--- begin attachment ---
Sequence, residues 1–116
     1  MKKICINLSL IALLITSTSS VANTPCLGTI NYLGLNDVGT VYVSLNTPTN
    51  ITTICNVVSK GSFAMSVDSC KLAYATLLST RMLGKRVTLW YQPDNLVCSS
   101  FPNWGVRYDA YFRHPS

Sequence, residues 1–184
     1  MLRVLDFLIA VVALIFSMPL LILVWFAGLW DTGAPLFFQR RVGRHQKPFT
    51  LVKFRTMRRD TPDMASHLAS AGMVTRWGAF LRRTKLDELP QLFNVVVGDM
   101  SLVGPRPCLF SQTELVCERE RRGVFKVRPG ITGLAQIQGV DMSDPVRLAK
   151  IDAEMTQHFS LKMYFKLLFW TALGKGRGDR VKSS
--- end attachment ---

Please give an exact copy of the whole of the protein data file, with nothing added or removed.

Sequence, residues 1–116
     1  MKKICINLSL IALLITSTSS VANTPCLGTI NYLGLNDVGT VYVSLNTPTN
    51  ITTICNVVSK GSFAMSVDSC KLAYATLLST RMLGKRVTLW YQPDNLVCSS
   101  FPNWGVRYDA YFRHPS

Sequence, residues 1–184
     1  MLRVLDFLIA VVALIFSMPL LILVWFAGLW DTGAPLFFQR RVGRHQKPFT
    51  LVKFRTMRRD TPDMASHLAS AGMVTRWGAF LRRTKLDELP QLFNVVVGDM
   101  SLVGPRPCLF SQTELVCERE RRGVFKVRPG ITGLAQIQGV DMSDPVRLAK
   151  IDAEMTQHFS LKMYFKLLFW TALGKGRGDR VKSS